It is an object of this invention to provide a light Weight double-walled, vacuum insulated fluid transfer conduit having a thin-walled outer shell which permits thermal expansion and contractions of the transfer conduit without loss of the effectiveness of the insulating characteristics thereof. Another object is to provide a fluid transfer conduit which may be constructed in sections such that upon joinder of these sections to provide a total requisite transfer conduit length, the overall insulating qualities of the transfer conduit are not appreciably diminished. It is a further object of this invention to provide means for coupling these individual sections such that the overall insulating qualities of the transfer conduit are not appreciably diminished.
These and other objects of the present invention will become apparent from the following description and the accompanying drawings, in which:
FIG. 1 is a view in cross section of an exemplary conduit joint according to the invention;
FIG. 2 is a similar view showing a fitting in the joint; and
FIG. 3 is a cross sectional view illustrating another feature of the present invention.
In accordance with the present invention, a vacuuminsulated, double-walled transfer conduit is provided for transporting fluids. This transfer conduit permits the transportation of cryogenic liquids through warmer or colder surrounding mediums with substantially no loss of liquid because of vaporization caused by the absorption of heat leak from warmer surroundings, or increase in viscosity caused by the effect of colder surroundings. Opacified insulating means are provided which substantially fill an evacuab'le insulation space which is formed by the inner fluid conduit and the concentrically enclosing outer shell or jacket. Such insulating means markedly restrict the passage of heat either into or out of the transfer conduit.
The term opacified insulation as used herein refers to a two-component insulating system comprising a low heat conductive, radiation permeable material and a radiant heat impervious material which is capable of reducing the passage of infrared rays without significantly increasing the thermal conductivity of the insulating system.
In order to permit the transfer conduit to contract and expand, and to impart greater stiffness to the transfer line such that the thickness of the wall of the outer jacket may be reduced thereby decreasing the heat leak by solid conduction within the outer jacket, it has been found desirable to disrupt the continuity of the inner and outer surfaces of the outer jacket by forming a plurality of spaced, annular, anticlinal-like protrusions or rings. The result is a transfer conduit that is stiffer laterally than typical prior art transfer conduits which employ corrugated outer jackets and yet is equally as flexible in the longitudinal direction. This feature materially alleviates the problem of lateral sagging which is characteristic of such prior art transfer conduits. The evacuable insulation space formed by the inner conduit and the concentrically enclosing outer jacket is sealed at the ends by obliquely joining the outer jacket to the inner conduit. Such oblique joining means markedly increases the resistance to heat leakage by solid conduction through the outer jacket into or out of the inner conduit. It is preferred that the evacuable insulation space be evacuated to an absolute pressure below about 30 microns of mercury, although any absolute pressure below about microns of mercury is suitable for aiding in the insulating of cryogenic fluids from the effects of the surrounding medium.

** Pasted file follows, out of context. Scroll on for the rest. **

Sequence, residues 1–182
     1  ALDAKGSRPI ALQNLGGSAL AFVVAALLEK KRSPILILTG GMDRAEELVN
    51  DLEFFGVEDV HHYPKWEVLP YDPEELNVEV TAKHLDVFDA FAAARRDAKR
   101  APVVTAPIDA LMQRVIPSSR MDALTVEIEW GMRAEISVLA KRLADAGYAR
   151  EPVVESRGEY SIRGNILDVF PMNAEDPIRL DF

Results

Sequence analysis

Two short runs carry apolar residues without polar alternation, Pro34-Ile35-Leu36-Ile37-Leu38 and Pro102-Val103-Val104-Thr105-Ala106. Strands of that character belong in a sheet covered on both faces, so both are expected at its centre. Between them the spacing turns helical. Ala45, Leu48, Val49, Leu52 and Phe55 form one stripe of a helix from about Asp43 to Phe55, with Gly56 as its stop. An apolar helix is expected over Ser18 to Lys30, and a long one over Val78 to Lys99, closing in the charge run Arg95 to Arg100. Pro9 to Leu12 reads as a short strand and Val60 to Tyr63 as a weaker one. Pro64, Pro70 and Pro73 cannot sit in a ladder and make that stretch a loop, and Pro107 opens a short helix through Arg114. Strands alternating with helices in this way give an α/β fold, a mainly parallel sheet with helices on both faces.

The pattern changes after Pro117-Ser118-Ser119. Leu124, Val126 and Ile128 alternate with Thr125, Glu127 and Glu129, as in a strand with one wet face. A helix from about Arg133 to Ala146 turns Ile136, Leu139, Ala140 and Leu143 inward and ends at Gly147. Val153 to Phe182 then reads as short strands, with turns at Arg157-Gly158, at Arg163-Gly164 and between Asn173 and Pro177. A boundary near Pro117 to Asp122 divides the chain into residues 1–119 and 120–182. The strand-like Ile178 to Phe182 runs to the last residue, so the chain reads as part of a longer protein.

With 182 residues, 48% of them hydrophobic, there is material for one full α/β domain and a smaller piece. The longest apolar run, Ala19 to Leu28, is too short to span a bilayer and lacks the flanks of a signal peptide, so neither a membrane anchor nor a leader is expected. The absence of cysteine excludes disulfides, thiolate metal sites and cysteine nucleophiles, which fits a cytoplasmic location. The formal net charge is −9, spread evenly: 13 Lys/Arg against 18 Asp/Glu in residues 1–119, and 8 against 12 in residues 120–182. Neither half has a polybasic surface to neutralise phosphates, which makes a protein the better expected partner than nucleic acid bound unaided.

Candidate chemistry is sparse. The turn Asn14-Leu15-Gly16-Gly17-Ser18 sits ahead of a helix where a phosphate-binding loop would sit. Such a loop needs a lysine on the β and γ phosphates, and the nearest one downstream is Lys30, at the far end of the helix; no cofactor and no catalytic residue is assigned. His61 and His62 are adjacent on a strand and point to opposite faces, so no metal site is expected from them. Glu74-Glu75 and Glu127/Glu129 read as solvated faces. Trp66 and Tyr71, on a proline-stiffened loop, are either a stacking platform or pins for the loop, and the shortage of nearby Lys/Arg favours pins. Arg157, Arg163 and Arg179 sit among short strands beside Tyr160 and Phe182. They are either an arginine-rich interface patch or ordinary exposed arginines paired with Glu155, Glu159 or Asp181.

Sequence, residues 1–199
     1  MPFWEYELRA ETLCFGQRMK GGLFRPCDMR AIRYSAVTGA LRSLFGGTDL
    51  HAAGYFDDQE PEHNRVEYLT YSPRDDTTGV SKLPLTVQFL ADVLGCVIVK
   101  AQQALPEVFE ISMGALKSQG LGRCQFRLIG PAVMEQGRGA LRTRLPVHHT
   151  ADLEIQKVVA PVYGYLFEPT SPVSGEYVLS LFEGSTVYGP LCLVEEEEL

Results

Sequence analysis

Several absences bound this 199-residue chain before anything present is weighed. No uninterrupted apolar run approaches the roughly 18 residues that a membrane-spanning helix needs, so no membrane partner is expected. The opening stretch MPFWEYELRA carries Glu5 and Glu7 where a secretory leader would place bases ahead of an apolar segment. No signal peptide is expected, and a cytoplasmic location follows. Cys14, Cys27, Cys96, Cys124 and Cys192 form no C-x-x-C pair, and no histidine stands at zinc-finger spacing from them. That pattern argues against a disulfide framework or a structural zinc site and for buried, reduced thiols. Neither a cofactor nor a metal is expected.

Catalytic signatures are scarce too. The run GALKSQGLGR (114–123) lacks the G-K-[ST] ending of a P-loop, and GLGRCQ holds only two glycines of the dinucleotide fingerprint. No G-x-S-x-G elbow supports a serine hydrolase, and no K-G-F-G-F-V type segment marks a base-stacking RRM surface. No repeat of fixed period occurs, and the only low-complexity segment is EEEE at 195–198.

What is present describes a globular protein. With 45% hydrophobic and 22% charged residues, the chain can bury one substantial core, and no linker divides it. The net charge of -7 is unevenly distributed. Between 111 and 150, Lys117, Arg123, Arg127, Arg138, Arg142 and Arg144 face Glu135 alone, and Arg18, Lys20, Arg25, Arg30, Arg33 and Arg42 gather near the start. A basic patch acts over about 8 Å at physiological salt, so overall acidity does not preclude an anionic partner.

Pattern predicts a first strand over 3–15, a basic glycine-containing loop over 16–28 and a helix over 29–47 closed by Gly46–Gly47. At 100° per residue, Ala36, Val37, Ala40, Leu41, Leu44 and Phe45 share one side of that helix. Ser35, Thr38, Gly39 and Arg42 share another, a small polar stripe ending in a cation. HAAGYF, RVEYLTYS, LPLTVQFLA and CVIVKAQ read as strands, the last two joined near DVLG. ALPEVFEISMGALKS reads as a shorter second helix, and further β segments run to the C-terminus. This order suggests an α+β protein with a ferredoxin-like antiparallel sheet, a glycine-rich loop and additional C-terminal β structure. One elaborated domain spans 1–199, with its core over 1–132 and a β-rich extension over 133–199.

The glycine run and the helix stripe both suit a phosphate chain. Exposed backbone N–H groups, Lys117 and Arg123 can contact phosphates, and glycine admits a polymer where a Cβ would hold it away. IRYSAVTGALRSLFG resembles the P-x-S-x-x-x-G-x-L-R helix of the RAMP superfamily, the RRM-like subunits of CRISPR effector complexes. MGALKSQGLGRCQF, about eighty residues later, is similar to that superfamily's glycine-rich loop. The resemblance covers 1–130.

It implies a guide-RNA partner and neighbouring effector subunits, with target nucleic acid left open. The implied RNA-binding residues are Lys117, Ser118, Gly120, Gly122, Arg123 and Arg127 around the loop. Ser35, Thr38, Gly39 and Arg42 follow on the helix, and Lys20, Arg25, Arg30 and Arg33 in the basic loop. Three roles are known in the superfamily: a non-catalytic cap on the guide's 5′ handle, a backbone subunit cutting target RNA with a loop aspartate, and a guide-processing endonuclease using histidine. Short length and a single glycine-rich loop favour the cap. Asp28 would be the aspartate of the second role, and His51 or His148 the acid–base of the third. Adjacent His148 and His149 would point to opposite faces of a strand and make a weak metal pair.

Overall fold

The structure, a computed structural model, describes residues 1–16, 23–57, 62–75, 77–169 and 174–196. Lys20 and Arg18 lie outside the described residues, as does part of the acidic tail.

Where two or more sections of the transfer conduit are joined, the invention contemplates the employment of an improved coupling means therefor. Such coupling means vacuumtightly joins the outer jacket sections when the inner conduit sections are leak-tightly connected. The insulation space formed by such coupling is preferably substantially filled with opacified insulating material thereby maintaining the overall excellent insulation characteristics of the entire transfer conduit. The space also contains a molecular sieve adsorbent which not only helps to maintain the vacuum in the space, but is also used to create the vacuum.